But enough about the good ones. I want more crap!
     
  16. Matt_H

    Matt_H Stunt Coordinator

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    Carpenter does good commentaries with russell. those are some of the best. I can't stand renny harlin commnetaries. During the ford fairlane one he kept apoligizing for the movie and his voice tone gave me a headache.
     
  17. ChadMcCallum

    ChadMcCallum Second Unit

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    The Exorcist: The Version You've Never Seen is the worst track I've ever heard. I was expecting some insight into the film and an explanation of why the newly added scenes were cut in the first place but instead I got a narrator. Terrible.
     
  18. Jesse Skeen

    Jesse Skeen Producer

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    This is the first scene we shot, and it was so wonderful working with these actors. When I read the script, I just knew he had to play this part. Luckily, we were able to get him.
     
  19. Joseph DeMartino

    Joseph DeMartino Lead Actor

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    ???? This one makes my head hurt. How stupid do they have to be to think that we're stupid enough to be watching the movie on DVD with a commentary track the very first time we see the movie?

    1) In 8 out of 10 cases we're going to have seen the movie at least once in the theater if we've just bought a special edition DVD with a commentary track.

    2) Even if the movie is a blind buy or rental we're smart enough to watch the movie with the original soundtrack before we listen to the commentary.

    SO THERE IS NO BLOODY WAY THAT THEY COULD BE "SPOILING" ANYTHING FOR US ON THE BLOODY COMMENTARY TRACK"

    One of the most outrageous examples of directorial commentary onanism has to be Jan de Bont's one-man self-love track for Speed in which he describes how he based an incident in the film on his own personal experience - while over on the other commentary track the producer and writer talk about how the same incident was in the firt draft of the script, several possible directors before de Bont was even considered for the film. [​IMG]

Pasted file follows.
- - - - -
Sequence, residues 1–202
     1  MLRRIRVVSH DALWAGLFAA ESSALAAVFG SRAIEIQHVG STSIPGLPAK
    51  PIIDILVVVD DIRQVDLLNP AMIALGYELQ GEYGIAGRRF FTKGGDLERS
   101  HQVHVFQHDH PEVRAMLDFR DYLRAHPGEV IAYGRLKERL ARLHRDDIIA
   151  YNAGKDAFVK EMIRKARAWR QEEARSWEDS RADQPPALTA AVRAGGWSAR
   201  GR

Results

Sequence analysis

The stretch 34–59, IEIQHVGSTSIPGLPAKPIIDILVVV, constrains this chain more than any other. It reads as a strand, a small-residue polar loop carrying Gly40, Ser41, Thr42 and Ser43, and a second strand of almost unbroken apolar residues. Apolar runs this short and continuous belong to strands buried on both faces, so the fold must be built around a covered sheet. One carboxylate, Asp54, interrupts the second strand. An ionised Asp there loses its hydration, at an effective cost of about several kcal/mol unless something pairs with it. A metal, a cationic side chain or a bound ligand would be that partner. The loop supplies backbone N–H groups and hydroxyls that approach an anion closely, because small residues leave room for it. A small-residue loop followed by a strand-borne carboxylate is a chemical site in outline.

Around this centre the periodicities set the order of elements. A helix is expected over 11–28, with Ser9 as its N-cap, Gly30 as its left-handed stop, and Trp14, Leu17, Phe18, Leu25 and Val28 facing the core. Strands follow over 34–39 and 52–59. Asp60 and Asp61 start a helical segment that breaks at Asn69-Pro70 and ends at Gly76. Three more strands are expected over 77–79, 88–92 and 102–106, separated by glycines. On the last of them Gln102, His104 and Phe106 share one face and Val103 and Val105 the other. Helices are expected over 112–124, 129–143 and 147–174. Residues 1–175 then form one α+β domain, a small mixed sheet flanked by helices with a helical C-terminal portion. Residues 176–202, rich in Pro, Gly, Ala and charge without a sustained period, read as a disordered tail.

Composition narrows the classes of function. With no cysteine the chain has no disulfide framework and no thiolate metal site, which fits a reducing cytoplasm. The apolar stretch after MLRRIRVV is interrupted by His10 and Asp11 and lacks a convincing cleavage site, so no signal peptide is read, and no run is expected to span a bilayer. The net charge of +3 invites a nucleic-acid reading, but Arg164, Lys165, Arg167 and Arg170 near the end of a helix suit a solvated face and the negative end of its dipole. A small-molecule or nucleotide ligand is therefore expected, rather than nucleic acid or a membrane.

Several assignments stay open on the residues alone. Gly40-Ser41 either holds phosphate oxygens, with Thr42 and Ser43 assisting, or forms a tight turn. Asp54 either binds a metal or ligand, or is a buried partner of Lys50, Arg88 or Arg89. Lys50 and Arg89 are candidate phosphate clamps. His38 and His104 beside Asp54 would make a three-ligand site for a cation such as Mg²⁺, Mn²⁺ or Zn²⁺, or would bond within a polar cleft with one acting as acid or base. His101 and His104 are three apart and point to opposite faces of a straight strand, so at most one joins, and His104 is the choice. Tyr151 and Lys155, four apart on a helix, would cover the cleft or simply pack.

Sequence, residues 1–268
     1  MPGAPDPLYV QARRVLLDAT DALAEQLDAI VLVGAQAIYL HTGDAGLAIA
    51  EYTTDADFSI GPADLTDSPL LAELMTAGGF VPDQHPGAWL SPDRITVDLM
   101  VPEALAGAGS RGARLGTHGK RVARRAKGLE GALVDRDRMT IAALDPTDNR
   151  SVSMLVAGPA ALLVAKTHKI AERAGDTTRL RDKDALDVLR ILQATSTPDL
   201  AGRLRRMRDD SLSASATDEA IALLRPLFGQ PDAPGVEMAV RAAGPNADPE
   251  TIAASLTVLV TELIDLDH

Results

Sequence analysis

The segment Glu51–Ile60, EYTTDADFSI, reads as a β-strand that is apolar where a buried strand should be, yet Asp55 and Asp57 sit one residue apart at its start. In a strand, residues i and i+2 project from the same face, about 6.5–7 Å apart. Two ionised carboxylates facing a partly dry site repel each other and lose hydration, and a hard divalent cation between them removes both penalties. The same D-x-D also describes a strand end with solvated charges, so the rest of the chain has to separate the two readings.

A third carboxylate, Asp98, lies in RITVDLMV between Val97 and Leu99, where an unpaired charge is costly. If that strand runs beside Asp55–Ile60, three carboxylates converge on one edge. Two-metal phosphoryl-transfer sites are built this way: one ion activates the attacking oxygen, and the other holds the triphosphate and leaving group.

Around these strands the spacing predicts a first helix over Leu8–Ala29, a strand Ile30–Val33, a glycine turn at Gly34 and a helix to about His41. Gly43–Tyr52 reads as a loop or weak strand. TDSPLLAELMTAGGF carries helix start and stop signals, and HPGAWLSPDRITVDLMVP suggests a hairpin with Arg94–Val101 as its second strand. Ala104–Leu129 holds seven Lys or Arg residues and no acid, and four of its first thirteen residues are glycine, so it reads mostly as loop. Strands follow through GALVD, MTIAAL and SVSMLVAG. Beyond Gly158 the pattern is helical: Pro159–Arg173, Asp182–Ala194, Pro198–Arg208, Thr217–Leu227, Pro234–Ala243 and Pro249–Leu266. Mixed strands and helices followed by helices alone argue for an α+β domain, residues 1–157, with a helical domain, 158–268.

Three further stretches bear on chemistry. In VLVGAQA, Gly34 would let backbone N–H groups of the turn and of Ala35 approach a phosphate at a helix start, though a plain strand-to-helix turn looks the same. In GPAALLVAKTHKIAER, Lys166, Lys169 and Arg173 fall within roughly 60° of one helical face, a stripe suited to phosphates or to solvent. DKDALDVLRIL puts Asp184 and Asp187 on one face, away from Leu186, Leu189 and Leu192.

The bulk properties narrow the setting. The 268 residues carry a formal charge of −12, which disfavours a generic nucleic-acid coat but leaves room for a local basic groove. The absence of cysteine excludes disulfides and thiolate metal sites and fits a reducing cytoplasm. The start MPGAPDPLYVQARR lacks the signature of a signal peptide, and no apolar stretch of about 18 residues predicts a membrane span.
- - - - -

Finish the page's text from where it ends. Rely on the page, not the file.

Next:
Regards,

    Joe
     
  20. Brian Thibodeau

    Brian Thibodeau Supporting Actor

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    I'm reminded of Renny Harlin's audio gab on Cliffhanger, in which he presumes the audience will never be able to figure out how he got Sylvester Stallone to hang onto the face of a perilously high cliff, when the matte lines are clearly visible in a little rectangle around the actor. That Harlin assumes this ingernious slight-of-hand will leave us puzzled long after the movie's over is one of the funnier moments in commentary history. I believe the track was ported over from the old Pioneer LD.

    It's been a while since I've seen that disc or heard that commentary, so I might be placing it incorrectly. Correct me if I'm wrong. At the very least, I'm 100% certain it was Harlin talking about one of his Big Dumb Blockbusters. The man still assumes people are hopelessly awed by the splendor and spectacle and magic of moving pictures.

    And you're right. The man's voice can put you to sleep. Let's pray he never uses Gary Kibbe as a cinematographer.